What is the initiative?
Moving On Advocacy
Who runs it?
Suffolk Family Carers, a Network Partner of Carers Trust
Who does it benefit?
The project was originally aimed at carers in Suffolk who had a relative with a learning disability moving from a long-stay NHS hospital into the community as part of Suffolk’s re-provision of services. All of these moves have now taken place, and the project now benefits carers who have a relative with a learning disability in the process of moving out of residential care in Suffolk or residential schemes commissioned by Suffolk County Council outside the county.
What does it do?
Moving On offers advocacy to carers and families of people with learning disabilities moving out of long-term residential care and into a home of their own. The Advocate works with families to enable their voices can be heard in the decision-making process about the new living arrangements for the person they care for.
When did it start?
Why was it started?
Valuing People Now, the government’s three-year strategy for people with learning disabilities (published in 2009), led to a large number of people being moved out of long-stay NHS hospitals and into their own homes. Many families were anxious about these changes, and Suffolk County Council identified a need to effectively involve families in the process of decision making about their loved one’s move. The Learning Disability Partnership Board gave Suffolk Family Carers a grant to provide advocacy on the carers’ behalf throughout the process of transition to the new living arrangements for the person with learning disabilities.
Initially, the project focused on families affected by the NHS moves (now completed), but going forward, the aim is to support families of people with learning disabilities living in residential care who are moving into supported living, and some who are in family homes and want or need to move on.
What are the aims and objectives?
The aims of the project are that carers of people with learning disabilities moving on from long-stay residential hospitals or residential care (or moving on from the family home) will:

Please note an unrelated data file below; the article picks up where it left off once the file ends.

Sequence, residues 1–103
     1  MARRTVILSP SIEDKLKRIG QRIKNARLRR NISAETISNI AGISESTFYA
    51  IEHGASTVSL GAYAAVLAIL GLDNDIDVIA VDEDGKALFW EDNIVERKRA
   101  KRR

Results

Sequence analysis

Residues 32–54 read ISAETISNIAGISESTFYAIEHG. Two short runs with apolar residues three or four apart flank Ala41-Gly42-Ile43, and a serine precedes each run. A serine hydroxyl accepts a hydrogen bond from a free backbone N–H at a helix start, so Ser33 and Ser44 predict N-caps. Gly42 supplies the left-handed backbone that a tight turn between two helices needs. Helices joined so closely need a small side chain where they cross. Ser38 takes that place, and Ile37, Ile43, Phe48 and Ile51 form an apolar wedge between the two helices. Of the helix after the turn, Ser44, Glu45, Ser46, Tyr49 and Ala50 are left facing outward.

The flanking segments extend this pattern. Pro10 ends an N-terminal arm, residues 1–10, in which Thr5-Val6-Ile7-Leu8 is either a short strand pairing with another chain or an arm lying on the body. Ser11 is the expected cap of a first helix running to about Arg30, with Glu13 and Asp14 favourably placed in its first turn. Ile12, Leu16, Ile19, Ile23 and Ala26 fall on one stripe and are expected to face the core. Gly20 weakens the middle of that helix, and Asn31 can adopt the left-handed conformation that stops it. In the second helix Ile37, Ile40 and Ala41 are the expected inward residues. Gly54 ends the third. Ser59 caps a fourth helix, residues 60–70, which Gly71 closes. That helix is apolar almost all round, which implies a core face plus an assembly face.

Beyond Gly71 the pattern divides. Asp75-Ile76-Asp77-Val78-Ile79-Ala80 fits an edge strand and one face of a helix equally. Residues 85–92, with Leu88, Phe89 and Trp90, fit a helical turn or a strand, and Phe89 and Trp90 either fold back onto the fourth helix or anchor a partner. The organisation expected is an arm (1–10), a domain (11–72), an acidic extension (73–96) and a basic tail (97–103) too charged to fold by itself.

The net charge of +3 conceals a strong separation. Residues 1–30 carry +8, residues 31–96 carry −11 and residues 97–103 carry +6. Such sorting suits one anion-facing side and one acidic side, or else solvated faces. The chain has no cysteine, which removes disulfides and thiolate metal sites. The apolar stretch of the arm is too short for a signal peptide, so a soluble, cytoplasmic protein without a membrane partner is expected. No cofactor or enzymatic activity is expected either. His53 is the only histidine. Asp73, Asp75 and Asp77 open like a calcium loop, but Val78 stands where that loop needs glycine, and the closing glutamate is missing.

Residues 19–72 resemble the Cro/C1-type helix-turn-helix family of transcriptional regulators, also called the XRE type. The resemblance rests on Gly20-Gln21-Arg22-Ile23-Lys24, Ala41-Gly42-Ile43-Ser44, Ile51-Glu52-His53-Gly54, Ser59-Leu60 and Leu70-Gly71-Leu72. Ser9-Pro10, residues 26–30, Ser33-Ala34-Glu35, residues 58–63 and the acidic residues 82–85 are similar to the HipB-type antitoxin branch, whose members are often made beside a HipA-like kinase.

- Feel involved and supported in decisions about the future living arrangements of the people they care for
- Have their wishes heard and taken into account during the process of decision making and throughout the move
- Be enabled to participate in decisions about future service provision for the people they care for
How is it funded?
The original funding for a four-day-a-week post came from the Learning Disability Development Fund (LDDF). Current funding comes from the local authority, as part of the Accelerated Moving On Strategy (AMOS) to improve choice and independence for people with learning disabilities by increasing the options and local availability of supported housing, and reducing the Council’s reliance upon purchased residential care services and out of county specialist placements. The funding covers a three-days-a-week post and continues on a year-on-year basis.
What has it achieved?
“Knowing that we have the support of the Advocate has really helped. Her advice and experience has been invaluable.” (Carer)
“The advocate helps to explain everything in layman’s terms. Social Workers, doctors, mental health professionals and care providers all talk a different language.” (Carer)
There has been a lot of positive feedback about the project, with families saying that they feel informed about and involved in decisions about the future living arrangements of the people they care for and have found it useful to be able to get answers to their questions from one source rather than having to go through the bewildering array of professionals. Many families who initially felt very negative about the changes in living arrangements have been given the opportunity to participate in the decision-making process and have reported that relatives with learning disabilities who have moved out of long-stay hospitals now have more rights and a better quality of care as a result of the move into the community.
The local authority has also been very happy with the service, describing the Advocate’s work as “very significant ... [bringing] families into the process that were otherwise reluctant” and stating that the project has helped to “resolve differences to the benefit of families and service users”.
In the first two years of the project, the Advocate worked with around 25 families with a relative moving out of hospital, with the aim of reaching around 60 families over the second two years.
Through the work of Moving On, the Advocate has identified several older carers and has supported them in planning for the future, as well as families of a person with learning disabilities who is ready to move out of the family home. In some cases, the Advocate has been able to help match the person with learning disabilities with an appropriate supported living scheme with a current vacancy, which has benefitted the person with learning disabilities and their family, while also helping Suffolk County Council to make better use of its resources.
The project has also helped to strengthen the positive relationship with the social work team.
Setting up a project like this?